SMALL LOT LEGISLATION UPDATE

In September 2012, the Council adopted an ordinance (Council Bill 117572)creating interim standards preventing new small single family lots from being created using old property lines that the City does not currently believe should be used to define buildable lots. The legislation also limited the size of houses that can be built on lots that are significantly smaller than the underlying zoning. These interim standards will be replaced by new permanent land use code provisions now being prepared by the Department of Planning and Development (DPD) and the Council. DPD has published their initial proposal for the permanent legislation, and we are looking for comments and suggestions prior to beginning the formal legislative process.

The initial legislation was developed in response to concerns from residents that some houses were being built on small lots delineated by using an archaic provision of the land use code. Neighbors did not know that these building sites could be created, and the City did not currently intend these old lines to be used to define legal building sites. Neighbors were also concerned that some of the houses being built on these sites were not compatible with the surrounding houses and/or proportional to the size of the lots.

The City supports infill development in single family neighborhoods, including on legally established undersized lots. However, these lots should be clearly and legally delineated, and neighbors should be aware of the potential for new houses to be built. In addition, new houses on undersized lots should be modest enough to be proportional to the size of the lot.

After reviewing policy options, meeting with neighborhood and developer groups, and taking comments at a public meeting, DPD has suggested the following parameters for permanent regulations:

  • Create a permanent provision that disallows the use of historic tax records and mortgage records to create undersized lots. This closes the loophole that created lots where neighbors never expected them to exist.
  • Set a uniform absolute minimum lot area of 2,000 square feet, to apply to lots qualifying under all lot area exceptions. Under the interim standards, lots qualifying for an exception based on pre-1957 records, such as historic plats or deeds, had to have an area of at least 2,500 square feet.  Different absolute minimums apply to other exceptions, such as lots reduced by street condemnation, or lots resulting from two-house/one-lot short plats.  The proposed regulation would make this uniform, provide consistency and predictability, and preserve the opportunity for infill development.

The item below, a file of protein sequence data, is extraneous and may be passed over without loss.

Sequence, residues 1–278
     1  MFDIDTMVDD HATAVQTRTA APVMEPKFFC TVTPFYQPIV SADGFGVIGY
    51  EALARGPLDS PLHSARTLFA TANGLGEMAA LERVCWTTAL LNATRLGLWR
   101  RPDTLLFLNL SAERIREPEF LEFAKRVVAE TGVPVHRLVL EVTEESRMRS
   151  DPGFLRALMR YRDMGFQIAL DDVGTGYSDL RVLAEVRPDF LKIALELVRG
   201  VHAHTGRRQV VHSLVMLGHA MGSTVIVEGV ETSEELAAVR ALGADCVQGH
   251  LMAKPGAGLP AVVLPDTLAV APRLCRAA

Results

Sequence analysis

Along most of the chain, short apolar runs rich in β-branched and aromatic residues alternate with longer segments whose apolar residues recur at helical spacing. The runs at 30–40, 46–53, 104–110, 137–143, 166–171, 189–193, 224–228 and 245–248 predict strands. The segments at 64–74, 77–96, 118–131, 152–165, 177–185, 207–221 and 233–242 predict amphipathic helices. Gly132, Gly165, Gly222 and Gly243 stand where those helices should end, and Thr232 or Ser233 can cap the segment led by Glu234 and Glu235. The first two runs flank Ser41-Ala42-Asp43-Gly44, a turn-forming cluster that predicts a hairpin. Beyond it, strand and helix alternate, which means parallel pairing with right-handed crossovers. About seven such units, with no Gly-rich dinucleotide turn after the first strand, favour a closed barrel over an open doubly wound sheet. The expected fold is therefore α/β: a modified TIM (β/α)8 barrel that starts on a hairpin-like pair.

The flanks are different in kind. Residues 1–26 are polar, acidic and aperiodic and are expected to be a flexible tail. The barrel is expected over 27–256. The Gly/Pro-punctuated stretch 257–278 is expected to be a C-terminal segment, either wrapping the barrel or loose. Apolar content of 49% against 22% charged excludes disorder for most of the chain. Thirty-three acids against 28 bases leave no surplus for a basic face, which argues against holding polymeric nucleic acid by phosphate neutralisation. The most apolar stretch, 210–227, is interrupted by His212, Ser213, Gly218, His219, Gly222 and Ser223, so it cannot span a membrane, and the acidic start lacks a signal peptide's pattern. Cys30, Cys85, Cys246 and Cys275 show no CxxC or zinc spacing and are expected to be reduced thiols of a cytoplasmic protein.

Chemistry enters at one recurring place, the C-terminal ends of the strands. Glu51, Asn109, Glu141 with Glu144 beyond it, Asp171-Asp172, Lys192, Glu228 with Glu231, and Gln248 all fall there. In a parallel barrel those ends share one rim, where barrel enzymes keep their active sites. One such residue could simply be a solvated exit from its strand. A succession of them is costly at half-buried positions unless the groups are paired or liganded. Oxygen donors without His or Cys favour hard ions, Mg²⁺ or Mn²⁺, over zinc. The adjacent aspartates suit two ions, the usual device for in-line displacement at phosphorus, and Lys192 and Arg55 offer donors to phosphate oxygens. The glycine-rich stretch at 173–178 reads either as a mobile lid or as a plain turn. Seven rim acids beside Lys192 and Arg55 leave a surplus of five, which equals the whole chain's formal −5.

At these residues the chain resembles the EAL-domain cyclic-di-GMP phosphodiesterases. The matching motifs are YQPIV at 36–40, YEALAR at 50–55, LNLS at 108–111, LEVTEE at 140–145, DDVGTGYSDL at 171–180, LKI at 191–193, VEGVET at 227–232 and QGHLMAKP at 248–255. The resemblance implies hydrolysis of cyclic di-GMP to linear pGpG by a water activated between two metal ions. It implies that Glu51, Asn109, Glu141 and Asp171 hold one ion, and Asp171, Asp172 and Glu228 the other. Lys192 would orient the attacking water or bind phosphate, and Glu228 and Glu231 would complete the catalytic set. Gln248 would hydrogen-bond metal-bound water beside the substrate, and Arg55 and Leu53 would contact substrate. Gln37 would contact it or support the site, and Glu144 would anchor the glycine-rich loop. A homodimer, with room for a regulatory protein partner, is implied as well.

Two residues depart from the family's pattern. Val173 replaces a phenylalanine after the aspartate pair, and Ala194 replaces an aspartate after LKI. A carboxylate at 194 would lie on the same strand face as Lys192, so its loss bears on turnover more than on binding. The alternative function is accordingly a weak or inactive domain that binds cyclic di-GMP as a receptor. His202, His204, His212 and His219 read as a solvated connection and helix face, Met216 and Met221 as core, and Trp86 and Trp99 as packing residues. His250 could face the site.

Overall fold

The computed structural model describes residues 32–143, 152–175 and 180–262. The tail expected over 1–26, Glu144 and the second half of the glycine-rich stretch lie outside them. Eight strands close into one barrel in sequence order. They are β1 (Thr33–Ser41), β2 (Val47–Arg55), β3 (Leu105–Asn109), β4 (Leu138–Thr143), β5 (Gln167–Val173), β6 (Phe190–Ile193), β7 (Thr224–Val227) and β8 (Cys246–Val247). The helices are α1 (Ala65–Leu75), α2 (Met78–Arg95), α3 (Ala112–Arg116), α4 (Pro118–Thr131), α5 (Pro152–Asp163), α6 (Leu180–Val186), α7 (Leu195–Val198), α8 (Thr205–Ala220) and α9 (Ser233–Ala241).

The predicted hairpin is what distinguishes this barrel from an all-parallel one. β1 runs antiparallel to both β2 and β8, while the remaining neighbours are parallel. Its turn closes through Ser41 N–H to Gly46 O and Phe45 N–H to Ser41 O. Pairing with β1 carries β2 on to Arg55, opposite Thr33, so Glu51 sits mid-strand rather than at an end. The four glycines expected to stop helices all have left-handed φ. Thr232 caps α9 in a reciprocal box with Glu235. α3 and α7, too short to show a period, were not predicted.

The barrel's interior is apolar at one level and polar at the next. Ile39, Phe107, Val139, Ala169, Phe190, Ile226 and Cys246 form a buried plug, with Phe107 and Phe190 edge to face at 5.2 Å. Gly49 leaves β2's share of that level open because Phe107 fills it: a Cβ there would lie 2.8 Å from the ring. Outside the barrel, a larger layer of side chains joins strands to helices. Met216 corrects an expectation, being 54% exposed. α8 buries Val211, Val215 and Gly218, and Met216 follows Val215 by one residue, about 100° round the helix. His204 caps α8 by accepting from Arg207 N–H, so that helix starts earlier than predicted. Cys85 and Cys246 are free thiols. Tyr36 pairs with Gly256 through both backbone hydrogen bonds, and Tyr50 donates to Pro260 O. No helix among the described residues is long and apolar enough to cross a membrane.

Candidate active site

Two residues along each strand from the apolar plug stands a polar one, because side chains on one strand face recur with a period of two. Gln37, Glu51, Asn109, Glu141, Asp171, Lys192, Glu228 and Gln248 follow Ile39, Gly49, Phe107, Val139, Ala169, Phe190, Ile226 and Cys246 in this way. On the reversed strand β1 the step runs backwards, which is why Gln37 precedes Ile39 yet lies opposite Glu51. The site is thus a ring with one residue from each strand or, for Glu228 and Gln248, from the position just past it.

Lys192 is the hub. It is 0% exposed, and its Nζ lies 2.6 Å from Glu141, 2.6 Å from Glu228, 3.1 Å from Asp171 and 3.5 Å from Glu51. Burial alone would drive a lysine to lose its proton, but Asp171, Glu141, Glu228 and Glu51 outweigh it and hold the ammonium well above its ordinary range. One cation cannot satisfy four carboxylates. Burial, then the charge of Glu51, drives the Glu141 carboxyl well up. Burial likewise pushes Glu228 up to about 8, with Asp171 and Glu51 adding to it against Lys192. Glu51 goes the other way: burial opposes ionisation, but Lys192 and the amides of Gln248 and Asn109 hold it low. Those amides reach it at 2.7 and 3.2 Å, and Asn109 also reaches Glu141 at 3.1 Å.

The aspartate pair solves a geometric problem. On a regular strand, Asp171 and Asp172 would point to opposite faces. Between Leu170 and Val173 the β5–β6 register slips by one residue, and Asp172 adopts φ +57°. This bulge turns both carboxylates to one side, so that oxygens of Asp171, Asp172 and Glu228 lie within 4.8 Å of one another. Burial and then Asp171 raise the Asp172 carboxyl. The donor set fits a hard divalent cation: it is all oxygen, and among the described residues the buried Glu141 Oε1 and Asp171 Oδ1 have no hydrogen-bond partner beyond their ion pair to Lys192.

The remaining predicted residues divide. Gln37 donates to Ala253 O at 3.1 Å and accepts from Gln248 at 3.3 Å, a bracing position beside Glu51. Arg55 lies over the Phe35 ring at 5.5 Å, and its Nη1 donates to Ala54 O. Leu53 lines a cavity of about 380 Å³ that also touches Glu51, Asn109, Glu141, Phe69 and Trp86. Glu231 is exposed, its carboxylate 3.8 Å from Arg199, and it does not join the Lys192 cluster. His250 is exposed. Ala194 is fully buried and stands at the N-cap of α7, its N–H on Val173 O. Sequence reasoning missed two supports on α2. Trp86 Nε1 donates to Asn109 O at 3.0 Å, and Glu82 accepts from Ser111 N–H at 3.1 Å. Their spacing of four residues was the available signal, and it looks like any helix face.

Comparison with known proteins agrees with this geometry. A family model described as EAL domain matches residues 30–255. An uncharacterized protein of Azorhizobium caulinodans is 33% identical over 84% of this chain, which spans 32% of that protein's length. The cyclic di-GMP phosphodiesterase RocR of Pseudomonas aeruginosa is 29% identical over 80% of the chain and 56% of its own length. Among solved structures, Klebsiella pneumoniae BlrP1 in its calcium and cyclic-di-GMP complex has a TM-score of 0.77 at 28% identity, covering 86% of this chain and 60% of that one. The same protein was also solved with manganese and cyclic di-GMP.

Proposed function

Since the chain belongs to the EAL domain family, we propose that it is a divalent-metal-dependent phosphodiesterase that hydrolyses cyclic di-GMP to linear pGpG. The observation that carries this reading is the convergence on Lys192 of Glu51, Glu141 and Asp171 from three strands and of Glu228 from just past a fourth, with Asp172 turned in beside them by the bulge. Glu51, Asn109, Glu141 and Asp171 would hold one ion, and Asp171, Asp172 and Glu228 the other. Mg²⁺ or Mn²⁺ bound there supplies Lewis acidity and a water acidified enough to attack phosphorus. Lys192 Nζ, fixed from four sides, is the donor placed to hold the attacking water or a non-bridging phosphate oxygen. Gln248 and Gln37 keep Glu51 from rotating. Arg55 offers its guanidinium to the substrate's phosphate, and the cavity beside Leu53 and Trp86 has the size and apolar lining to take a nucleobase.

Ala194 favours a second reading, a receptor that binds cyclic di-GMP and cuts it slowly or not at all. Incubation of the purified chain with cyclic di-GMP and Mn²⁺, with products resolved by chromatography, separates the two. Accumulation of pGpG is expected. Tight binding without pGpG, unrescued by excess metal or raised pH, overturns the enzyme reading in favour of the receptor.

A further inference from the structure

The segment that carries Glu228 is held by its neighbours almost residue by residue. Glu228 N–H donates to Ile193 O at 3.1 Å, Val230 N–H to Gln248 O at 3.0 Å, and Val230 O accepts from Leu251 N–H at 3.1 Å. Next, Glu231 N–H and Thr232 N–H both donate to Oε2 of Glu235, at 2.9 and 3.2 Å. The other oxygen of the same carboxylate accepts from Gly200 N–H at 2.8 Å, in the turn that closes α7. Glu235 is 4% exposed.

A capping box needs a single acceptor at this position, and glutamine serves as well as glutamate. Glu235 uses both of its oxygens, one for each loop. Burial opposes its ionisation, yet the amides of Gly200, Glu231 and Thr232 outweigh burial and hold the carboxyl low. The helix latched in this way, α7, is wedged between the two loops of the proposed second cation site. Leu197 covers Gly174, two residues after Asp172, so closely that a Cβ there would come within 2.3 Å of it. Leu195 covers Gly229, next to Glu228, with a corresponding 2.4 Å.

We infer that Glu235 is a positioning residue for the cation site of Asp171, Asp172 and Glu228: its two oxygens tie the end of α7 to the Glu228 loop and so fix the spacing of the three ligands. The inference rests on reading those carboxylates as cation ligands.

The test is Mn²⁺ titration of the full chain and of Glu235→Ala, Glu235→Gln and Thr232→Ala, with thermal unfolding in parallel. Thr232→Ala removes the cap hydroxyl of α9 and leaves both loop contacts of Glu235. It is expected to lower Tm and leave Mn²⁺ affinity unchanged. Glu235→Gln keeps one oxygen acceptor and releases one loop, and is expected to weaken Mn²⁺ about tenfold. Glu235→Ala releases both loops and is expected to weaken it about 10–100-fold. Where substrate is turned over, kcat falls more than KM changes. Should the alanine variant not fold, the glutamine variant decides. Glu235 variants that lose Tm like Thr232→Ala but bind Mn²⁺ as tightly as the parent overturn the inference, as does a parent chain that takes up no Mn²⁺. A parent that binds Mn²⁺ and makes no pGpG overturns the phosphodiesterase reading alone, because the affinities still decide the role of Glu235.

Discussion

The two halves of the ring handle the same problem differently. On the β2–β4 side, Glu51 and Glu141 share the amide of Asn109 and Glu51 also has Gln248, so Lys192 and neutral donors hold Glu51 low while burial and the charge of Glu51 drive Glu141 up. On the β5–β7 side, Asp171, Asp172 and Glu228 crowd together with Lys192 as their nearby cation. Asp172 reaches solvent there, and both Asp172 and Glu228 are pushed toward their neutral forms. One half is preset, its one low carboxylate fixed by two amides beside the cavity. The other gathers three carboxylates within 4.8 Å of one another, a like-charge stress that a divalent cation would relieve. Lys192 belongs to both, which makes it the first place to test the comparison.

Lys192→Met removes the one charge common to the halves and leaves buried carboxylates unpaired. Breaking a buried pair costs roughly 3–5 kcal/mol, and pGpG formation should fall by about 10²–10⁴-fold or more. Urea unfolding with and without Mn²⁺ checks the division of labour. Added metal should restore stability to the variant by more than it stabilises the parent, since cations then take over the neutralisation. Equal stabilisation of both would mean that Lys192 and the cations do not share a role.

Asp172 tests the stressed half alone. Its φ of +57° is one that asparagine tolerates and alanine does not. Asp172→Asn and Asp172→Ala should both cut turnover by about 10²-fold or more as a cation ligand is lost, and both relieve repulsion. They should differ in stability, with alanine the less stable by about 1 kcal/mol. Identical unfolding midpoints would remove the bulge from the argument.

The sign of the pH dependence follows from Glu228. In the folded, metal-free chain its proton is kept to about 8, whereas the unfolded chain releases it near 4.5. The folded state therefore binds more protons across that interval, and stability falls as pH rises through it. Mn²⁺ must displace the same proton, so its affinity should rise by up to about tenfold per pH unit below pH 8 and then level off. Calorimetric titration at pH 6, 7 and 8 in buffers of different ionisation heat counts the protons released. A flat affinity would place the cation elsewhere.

• Limit structure height for new buildings and additions to existing houses on lots that are less than 3,200 square feet to 18 feet, plus a five-foot pitched roof. Under the interim standards, structures on lots less than 3,750 square feet in area were limited to 22 feet in height plus a five-foot pitched roof. This proposal reduces the upper limit of the lot area range from 3,750 to 3,200 square feet in light of the fact that the projects that have generated the most concern generally have been on lots that were 3,200 square feet or less in area. The base height limit is proposed to be reduced from 22 feet to 18 feet, consistent with what is allowed for cottage housing in RSL and Lowrise zones.
  • Add other provisions that will limit problematic development and provide some regulatory flexibility with appropriate notice. These include measuring the size of lots using the largest rectangle to prevent weird extensions, allowing additional height on small lots as a special exception with public notice and the opportunity for an appeal to the hearing examiner, and several other provisions that will clarify and provide consistency in the treatment of small lot projects.

DPD is also considering a proposal to allow undersized lots to be developed if they have an area at least 80 percent of the mean area of the lots on the block, as long as such lots are at least 2,000 square feet. This is designed to allow lots that are compatible with existing development in older areas of the City with smaller lots. Creating a new lot under this provision would require public notice and an opportunity to appeal.

You can reference the entire DPD memo at

http://www.seattle.gov/dpd/planning/smallsinglefamilylots/overview/default.asp

 We are looking for thoughts on this proposal. Please send any comments to both my office and DPD: richard.conlin@seattle.gov and andy.mckim@seattle.gov by Wednesday, April 3.  After this stage, DPD will prepare a more detailed set of recommendations to take through environmental review, and will then submit legislation to the Council. The Council will receive comments and hold a formal public hearing. Our goal is to complete work on the permanent legislation before September.

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